Donald Trump has no regrets. Of course not, we all know he never regrets anything in the past, and he does not have the capability of reflection to abhor any possible future.
He has been noted to be merely transactional. Everything is reduced to "it is what it is."
In this Town Hall, Trump almost called for herd immunity, then stopped himself. Estimates of the death toll for an uncontrolled spread of the coronavirus, ending in herd immunity (70%-80% infections), range from 3 to 4 million Americans.
We have a president who came within a stammer of declaring his acquiescence to millions of Americans dying over an indeterminate period of time. The follow-up should have been, "Mr. President, do you believe in herd immunity as the inevitable solution to the pandemic?"
Mr. Stephanopoulos should ask him just that, immediately if possible, but even more urgently, once the huge (100 million or more) number of people who say they will not take a vaccine start getting-- keep getting-- sick and dying, and those of us who take the vaccine are, God willing, preserved.
Trump won't be President by then, of course, so he won't OFFICIALLY have to take the blame for what happens to working people, to people of color, to the economy (whatever the stock market says, a sickened, stricken population's net worth is less than a healthy one), to every business that never comes back, to all the universities that have to close.
To the cultural aspects of this country: I'm a Southern bluesman, going back to 1954. I quit truck driving 50 years later, and now I sing America's music (and that includes country-and-western music too).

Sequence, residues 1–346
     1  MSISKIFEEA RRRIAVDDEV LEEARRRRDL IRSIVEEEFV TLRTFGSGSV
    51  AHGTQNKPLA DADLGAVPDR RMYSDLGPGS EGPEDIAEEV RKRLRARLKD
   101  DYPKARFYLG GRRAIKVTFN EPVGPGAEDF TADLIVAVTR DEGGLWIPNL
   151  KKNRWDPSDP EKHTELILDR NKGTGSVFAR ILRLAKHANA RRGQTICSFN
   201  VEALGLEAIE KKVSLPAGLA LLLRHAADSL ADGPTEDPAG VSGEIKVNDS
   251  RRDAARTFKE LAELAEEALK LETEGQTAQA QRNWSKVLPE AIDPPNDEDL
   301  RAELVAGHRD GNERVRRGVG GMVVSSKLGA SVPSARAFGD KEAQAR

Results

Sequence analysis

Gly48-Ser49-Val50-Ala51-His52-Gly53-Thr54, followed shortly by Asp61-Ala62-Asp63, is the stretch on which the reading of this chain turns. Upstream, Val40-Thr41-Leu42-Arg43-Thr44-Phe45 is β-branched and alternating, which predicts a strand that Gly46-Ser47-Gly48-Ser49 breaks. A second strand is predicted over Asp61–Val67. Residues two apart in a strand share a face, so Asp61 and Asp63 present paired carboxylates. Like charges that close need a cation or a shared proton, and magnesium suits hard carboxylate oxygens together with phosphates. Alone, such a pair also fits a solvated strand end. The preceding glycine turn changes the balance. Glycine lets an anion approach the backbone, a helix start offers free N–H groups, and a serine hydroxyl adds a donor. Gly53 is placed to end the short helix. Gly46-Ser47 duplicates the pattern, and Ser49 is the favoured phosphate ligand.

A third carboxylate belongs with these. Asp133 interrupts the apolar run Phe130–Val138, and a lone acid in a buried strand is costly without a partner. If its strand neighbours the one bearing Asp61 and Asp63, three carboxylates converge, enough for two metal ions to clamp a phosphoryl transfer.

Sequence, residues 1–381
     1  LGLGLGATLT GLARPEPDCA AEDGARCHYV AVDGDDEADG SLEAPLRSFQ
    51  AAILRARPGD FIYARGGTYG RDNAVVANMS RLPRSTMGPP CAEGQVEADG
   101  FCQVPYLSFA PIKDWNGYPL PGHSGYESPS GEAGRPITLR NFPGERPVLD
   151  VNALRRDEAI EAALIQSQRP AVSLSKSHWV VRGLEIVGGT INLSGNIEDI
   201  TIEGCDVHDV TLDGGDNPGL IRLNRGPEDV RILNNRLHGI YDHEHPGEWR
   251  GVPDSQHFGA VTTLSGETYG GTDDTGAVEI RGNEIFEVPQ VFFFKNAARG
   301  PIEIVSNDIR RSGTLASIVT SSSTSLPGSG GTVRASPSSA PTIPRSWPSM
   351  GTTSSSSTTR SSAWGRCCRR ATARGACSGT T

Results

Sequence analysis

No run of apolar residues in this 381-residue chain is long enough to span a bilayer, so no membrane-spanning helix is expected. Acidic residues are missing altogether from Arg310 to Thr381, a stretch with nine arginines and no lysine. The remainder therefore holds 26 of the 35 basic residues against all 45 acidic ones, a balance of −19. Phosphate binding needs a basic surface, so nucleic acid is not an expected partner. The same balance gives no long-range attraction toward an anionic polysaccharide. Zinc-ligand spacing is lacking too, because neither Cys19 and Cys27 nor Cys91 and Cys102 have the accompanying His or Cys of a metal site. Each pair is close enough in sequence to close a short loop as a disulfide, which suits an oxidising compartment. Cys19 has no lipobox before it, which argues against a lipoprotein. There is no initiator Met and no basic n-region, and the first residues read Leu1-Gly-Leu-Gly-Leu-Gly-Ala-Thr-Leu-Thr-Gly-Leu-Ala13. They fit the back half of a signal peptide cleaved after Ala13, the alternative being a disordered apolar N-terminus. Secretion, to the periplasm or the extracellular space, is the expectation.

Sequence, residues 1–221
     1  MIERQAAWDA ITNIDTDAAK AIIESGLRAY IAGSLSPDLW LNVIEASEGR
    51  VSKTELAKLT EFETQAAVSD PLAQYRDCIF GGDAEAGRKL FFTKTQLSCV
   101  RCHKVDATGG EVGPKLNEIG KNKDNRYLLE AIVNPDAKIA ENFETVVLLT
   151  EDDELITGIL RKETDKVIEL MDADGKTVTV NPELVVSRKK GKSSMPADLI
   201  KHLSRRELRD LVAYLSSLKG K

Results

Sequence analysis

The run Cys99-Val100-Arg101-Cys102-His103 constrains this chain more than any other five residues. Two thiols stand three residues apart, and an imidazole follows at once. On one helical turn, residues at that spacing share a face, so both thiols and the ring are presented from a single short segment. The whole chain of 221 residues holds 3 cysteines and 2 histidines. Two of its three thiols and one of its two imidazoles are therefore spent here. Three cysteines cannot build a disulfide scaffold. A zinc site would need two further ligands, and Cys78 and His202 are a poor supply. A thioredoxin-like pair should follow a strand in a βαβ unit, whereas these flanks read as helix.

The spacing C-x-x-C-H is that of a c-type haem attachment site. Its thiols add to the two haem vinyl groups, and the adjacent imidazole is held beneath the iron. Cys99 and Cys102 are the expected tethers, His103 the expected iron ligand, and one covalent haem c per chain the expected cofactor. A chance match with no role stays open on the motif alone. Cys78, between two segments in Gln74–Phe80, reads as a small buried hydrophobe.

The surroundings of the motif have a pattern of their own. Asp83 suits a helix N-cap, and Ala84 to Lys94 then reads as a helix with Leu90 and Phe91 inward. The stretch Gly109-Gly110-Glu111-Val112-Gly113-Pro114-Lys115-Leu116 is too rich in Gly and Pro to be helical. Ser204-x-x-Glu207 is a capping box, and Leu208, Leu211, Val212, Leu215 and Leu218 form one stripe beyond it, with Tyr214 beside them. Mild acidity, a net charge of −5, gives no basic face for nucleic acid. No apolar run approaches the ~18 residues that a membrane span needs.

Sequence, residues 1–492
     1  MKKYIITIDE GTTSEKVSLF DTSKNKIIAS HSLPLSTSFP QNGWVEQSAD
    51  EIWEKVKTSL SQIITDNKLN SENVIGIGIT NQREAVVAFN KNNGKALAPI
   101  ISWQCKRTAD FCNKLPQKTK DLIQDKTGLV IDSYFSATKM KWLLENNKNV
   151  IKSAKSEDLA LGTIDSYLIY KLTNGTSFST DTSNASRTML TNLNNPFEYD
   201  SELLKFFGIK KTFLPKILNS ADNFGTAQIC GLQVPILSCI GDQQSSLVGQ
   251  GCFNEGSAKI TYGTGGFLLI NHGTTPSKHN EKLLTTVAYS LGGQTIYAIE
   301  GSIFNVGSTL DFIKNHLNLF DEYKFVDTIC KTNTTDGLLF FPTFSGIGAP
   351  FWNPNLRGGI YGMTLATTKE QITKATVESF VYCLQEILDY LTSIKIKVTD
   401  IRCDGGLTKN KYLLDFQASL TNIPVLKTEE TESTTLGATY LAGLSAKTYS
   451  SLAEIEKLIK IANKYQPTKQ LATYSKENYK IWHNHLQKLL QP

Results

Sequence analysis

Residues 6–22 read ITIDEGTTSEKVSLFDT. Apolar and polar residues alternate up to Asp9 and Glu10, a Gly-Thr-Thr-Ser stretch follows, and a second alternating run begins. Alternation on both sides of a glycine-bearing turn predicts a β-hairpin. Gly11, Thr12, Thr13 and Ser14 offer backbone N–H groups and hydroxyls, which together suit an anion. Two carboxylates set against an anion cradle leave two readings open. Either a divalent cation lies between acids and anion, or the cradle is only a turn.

I have traveled and played through 27 countries now, for people who know and understand how crucial it is that culture is not overwhelmed by fakeness.
In my busiest year, 2008, I flew over 100,000 miles to play for people around the world, and drove 35,000 miles on top of that, across this country and Canada.
Music is not just my living, it is the calling card of my ambassadorship for true American culture.
But I am indefinitely unemployed now, since it is irresponsible and dangerous to gather in crowds (the 2020 Sturgis Run is already a virtually untraceable super-spreader), and I could never look myself in the eye if a crowd I drew was the cause of further spread of the coronavirus.
We have come to the point that the best expert we have on the subject, Dr. Anthony Fauci, has declared that we can never perform the basic physical function of honorability between persons-- shaking hands-- again. We are reduced to bumping elbows.
And Trump couldn't quite blurt it out; "herd mentality" is the closest he could get to saying it. But we have all known for years now that Trump is incapable of empathy.
This answer to a question from a real person, not a media representative, is the clearest indication yet that Donald J. Trump does not care if any single one of us lives or dies. Just like the coronavirus.
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